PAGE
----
One for the road

We've heard it all, here at the Telegraph .

The first rumor to hit was that the Herald had started a weekly to simulate a little competition. Called the Durango Telegraph , it would have a conservative political bent.

A few weeks after the Telegraph hit the streets, a new rumor replaced it. The word was that the new weekly was no more than a money laundering operation for a Telluride druglord.

My personal favorite has been the lingering rumor of how Missy and I are more than business partners and actually a husband-wife publishing team. This one's been taken to outrageous ends. I've heard how we conceived our love child Baxter in a fit of pagemaking passion, the act taking place as we also worked to birth the first issue of the Telegraph . It was a great tale of suspense, betrayal and intrigue, but, like all the others, was untrue. Sorry, Durango.

Two weeks ago, another rumor landed on my lap when I answered a call from my wife, Rachael's, boss. (Sorry, Missy. I've been meaning to tell you. The rumors are true. I'm married to another woman.)

"When are you guys leaving!?" my wife's boss asked frantically.

Apparently, I'd sent a campus-wide e-mail at Fort Lewis College that supposedly explained how my share of the Telegraph was up for sale and that I was relocating the family outside the area.

"When is Rachael giving notice?" she asked. "What's going to happen to the paper?"

I talked her down, eventually dispelling the rumor with a little honesty. (For those of you who also received that "campus-wide e-mail," we're not leaving the area, the Telegraph is not for sale, and Missy and I are not and have never been married.)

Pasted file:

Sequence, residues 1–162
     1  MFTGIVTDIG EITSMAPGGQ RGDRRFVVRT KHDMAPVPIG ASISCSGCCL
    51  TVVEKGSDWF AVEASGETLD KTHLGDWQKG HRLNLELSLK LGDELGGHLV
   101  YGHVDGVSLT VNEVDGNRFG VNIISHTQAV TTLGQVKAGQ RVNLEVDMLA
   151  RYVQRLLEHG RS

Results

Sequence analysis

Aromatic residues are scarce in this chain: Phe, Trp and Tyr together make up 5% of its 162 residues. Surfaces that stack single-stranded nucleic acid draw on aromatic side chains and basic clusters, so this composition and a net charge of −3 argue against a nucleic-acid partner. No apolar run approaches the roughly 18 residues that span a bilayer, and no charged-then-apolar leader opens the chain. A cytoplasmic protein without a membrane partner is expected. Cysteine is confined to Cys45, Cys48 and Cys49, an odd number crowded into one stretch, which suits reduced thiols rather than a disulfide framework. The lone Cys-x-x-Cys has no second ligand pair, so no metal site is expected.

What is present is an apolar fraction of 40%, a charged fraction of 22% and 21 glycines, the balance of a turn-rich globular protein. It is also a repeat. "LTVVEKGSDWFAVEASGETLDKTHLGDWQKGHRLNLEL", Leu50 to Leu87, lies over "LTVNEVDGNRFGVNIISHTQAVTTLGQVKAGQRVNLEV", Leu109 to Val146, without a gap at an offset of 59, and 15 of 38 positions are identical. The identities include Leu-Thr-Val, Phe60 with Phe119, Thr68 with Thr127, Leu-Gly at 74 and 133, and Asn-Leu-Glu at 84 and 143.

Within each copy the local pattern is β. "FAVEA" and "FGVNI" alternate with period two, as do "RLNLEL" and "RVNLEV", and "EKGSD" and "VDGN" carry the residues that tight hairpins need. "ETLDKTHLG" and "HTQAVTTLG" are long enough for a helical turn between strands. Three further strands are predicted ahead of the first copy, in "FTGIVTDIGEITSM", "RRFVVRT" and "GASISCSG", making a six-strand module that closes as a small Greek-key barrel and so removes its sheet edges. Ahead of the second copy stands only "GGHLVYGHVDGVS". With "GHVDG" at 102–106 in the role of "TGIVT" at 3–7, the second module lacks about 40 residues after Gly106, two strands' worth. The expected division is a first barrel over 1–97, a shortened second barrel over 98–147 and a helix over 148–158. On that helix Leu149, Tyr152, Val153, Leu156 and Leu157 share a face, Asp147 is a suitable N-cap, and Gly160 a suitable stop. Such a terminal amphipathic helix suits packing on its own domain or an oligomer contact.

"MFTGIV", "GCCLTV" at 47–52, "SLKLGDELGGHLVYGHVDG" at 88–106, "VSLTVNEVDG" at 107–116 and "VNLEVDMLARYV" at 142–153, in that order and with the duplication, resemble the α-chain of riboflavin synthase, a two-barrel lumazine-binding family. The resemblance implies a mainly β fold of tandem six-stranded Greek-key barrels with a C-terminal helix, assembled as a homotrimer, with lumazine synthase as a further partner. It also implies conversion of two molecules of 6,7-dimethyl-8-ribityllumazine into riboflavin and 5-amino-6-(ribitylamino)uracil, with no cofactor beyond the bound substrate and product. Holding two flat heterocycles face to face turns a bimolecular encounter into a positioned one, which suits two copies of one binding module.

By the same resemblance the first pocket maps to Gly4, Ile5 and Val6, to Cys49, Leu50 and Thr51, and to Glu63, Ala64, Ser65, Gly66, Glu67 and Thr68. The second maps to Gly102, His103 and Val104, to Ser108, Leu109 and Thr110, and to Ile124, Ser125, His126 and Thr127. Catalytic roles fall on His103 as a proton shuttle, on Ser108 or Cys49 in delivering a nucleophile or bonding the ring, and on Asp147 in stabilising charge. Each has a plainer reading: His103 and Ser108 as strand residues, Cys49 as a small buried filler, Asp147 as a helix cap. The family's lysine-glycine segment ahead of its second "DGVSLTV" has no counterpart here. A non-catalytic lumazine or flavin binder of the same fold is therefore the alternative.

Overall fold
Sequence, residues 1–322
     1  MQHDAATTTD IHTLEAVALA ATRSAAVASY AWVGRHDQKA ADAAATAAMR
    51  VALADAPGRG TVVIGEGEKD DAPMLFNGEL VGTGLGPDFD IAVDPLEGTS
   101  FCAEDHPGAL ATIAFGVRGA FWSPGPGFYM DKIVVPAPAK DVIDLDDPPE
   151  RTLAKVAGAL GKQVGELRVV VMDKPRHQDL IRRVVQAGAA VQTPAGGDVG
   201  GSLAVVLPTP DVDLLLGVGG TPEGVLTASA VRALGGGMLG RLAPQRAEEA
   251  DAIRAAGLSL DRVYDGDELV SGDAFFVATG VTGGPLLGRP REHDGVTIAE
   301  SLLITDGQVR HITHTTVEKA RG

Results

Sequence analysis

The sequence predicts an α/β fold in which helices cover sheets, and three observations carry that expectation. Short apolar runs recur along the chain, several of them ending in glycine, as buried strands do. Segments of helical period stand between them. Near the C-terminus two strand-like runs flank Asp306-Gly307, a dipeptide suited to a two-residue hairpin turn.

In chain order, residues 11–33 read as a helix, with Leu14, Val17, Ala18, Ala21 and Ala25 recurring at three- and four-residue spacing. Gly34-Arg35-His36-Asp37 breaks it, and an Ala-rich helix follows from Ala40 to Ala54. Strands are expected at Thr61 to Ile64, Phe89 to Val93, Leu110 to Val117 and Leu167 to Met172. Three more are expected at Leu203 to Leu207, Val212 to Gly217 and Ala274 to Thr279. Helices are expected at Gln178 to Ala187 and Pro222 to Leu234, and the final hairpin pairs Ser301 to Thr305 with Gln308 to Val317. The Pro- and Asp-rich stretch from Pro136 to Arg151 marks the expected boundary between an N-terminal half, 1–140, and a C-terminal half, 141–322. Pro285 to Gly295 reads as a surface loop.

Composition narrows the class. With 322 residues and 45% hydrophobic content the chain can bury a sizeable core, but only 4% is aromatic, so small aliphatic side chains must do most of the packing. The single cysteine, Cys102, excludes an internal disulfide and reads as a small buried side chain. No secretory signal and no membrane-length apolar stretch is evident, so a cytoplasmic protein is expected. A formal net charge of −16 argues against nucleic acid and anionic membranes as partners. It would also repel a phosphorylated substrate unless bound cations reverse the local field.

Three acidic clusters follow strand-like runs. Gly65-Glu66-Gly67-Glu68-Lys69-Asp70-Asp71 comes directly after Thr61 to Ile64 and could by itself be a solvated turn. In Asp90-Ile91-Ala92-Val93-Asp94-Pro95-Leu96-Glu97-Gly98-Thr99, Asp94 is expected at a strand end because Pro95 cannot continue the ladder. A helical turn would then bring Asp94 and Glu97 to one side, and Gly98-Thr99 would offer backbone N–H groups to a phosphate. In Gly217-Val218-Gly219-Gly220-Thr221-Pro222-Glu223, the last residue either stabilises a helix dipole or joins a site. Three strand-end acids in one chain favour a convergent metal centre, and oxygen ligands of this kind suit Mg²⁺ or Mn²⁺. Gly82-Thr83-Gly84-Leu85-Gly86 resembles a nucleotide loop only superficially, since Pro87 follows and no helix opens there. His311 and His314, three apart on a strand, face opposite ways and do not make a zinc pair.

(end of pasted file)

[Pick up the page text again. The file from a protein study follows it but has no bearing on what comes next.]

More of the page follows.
But there was a shade of truth in that most recent rumor. The Durango Telegraph loses a key element this week. As virtually everyone who has darkened a finger on this newsprint already knows, this is Jen Reeder's last edition with the Telegraph .

This paper was born out of the fire and ashes of the summer of 2002. After one of the weakest tourism seasons ever, it goes without saying that people were hesitant to advertise. We also faced a lack of faith from potential staffers. As Missy and I started putting our vision down on paper and making this weekly a reality, help was in desperately short supply.

"I just want to work somewhere that's going to be around in a few months," one prospect informed us.

Another took the job, only to not show up to work the next week. He finally left a phone message, telling us that he'd opted for stability and another job.

And then along came Jen, who saw the Telegraph as a piece of crazy genius. During a time when people were saying, "It'll never work" and "No one can take on the Herald ," Jen was hitting the streets and coaxing our print bill out of a war-torn business community. In the meantime, she also wrote articles, dispelled rumors (an invaluable service), took trips to far flung locales in search of advertising, helped with production, handled grievances and ensured we were making good use of our trade with Ska Brewing. When we had squeezed the last few dollars out of our loan and the remaining winter months looked bleak, Jen helped buoy us up. A month later and well before spring, the Telegraph was breaking even.

Fittingly, Jen has gone by many titles during her time here. Officially, she's been known as "Advertising Specialist" and "Staff Writer." She's also been proofreader, pinch photographer, pinch editor, pinch publisher, delivery schlep, bar maid, counselor and friend. Perhaps the most fitting title was bestowed on-air during a recent KSUT fund drive, when she was christened "Number Three."

It's now been more than two years since "Number Three" first came to work here at the Telegraph and she leaves us on more than solid ground. I could easily say something cliche like the paper won't be the same without Jen. That's a given. It's more truthful to note that the Telegraph wouldn't be without Jen.

Thanks for making this wild ride possible.

Will Sands




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